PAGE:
As you gear up for reopening, employees are working sporadic hours to disinfect the office, install partitions, stock PPE, etc., but may be otherwise largely unemployed. Additionally some of you are using PPP money to pay employees beginning on your next regular payroll for a pay period that includes at least some shelter-at-home time. When the practice is operational and everyone is working normal hours, payroll is easy! But when your employees are on temporary unemployment, the random work hours create confusion. Should the employees cancel their unemployment? Can they receive wages and unemployment? Can they work hours now voluntarily and receive a bonus for them at end of month payroll? What constitutes unemployment fraud? Great questions all!
This is a confusing topic with every case being a slightly different scenario but we’ll try to hit the high points. Let’s start with the last question—what is unemployment fraud? According to the Texas Workforce Commission which almost surely applies in all states, fraud is committed if false or misleading information is knowingly reported or relevant information is withheld in order to increase benefits. The key here being—it’s intentional. And it’s committed by the person receiving the benefits. You can’t commit unemployment fraud on behalf of your employees. It is what they knowingly misreport that would result in fraud for them. Fraud consequences include penalties, criminal charges and prohibition from unemployment benefits in the future.
Much more frequent are errors by unemployment recipients that result in overpaid benefits. Employees that receive too much unemployment income must repay those benefits even if they were not at fault for the error. The most common error resulting in incorrect benefits during this COVID situation is failing to report work hours or earnings. And part of the confusion comes ironically from the word “work!” In what other situation do your employees get paid to sit at home?? If they are not working, but are getting paid, they should report those hours as hours worked. In fact, if they are essentially getting their full pay, they are no longer unemployed. You can help your employees in this situation by communicating clearly with them: “I am going to pay you on the 15th for 60 hours.” Or “I am going to pay you on Friday according to your normal work schedule.”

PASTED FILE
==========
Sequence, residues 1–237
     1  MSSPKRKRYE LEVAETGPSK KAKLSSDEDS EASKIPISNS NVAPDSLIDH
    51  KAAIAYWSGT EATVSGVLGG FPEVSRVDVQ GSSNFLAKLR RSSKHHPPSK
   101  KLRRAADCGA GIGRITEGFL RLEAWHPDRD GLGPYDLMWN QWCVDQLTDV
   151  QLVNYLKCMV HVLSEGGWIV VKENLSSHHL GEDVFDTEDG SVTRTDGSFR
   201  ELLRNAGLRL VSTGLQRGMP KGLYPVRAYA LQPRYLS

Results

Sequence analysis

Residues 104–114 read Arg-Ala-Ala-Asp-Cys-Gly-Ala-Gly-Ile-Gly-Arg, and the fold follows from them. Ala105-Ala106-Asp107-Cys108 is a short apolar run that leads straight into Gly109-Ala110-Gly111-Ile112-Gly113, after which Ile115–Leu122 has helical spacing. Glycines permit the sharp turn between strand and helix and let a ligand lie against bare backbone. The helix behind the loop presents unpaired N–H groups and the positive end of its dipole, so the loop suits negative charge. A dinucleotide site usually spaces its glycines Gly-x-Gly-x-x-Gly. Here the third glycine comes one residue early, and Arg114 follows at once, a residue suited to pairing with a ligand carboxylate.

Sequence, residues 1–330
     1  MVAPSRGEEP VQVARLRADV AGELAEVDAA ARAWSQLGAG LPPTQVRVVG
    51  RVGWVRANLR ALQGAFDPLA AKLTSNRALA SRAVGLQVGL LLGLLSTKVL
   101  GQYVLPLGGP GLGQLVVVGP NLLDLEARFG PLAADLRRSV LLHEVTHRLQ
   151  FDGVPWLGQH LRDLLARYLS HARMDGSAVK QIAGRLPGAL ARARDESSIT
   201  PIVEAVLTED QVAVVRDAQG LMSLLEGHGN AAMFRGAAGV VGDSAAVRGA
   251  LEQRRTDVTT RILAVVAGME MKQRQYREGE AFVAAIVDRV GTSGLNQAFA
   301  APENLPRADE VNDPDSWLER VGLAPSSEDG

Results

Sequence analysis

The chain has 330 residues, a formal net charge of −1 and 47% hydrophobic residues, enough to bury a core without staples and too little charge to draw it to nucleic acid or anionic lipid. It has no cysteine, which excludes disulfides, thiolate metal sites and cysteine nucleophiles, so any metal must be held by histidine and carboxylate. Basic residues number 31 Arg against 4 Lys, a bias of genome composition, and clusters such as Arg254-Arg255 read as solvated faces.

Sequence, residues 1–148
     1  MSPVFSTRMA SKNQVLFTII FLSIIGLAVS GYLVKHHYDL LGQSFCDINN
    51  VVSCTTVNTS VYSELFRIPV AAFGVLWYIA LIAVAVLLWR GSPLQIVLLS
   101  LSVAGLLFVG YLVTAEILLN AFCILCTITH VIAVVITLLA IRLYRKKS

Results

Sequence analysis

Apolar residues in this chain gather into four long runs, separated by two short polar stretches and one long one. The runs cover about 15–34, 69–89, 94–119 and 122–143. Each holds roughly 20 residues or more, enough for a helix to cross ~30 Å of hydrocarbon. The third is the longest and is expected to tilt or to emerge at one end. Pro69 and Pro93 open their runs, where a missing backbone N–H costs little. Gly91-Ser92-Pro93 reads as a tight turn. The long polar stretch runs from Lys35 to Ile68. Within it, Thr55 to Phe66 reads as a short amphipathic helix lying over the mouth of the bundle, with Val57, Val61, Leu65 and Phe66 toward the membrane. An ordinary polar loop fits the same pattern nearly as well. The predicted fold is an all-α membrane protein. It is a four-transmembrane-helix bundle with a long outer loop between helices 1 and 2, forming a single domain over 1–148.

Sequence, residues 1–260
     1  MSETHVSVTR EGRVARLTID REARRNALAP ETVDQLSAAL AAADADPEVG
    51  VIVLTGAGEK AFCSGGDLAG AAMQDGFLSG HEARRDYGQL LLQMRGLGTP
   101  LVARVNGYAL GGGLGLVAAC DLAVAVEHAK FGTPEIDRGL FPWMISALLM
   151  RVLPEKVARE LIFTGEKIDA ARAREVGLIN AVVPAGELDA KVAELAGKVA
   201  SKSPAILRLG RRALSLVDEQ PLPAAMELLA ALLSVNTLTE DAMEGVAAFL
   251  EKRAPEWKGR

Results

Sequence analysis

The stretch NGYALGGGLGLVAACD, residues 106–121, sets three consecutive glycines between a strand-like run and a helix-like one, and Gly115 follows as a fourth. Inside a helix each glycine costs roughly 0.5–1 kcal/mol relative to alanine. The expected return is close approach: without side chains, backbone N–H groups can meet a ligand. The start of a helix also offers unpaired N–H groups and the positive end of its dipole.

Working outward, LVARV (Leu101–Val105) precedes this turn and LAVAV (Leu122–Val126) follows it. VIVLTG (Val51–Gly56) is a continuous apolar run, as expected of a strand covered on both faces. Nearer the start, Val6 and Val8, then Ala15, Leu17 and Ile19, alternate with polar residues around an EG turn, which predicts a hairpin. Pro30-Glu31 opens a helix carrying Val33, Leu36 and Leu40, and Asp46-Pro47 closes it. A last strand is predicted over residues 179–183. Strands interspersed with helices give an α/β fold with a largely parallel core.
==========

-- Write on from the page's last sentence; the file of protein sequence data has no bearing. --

Some employees currently receiving unemployment benefits are concerned about reporting their random work day for fear their benefits will be cancelled. Yes, these few work hours will almost certainly reduce their benefits. But a few hours here and there are not likely to eliminate or cancel their benefits entirely. Regardless, they are required to disclose them. All earnings are eventually reported to State Unemployment and if a discrepancy is discovered, the employee will have to repay any erroneous benefits…or worse if the “error” is perceived as intentional. You can help your employees in this situation by keeping on your normal payroll schedule and promptly paying them for all hours worked. The confusion comes when you pay them “later” for those hours. If they are working hours in advance for no current pay, they are confused about what to report. If they report the hours, which is correct, their benefits will be reduced. But they will be hesitant to accept reduced benefits knowing their pay from you will also be postponed. Not hesitant because they are dishonest, but because they are anxious about how they will pay their bills. Because in reality employees don’t volunteer hours. An employee who “volunteers” hours with the expectation that you will make it up to them later, is simply working for delayed compensation. Although you as the employer are not responsible for how they report their hours to Unemployment, you don’t want to enable them to misrepresent their situation.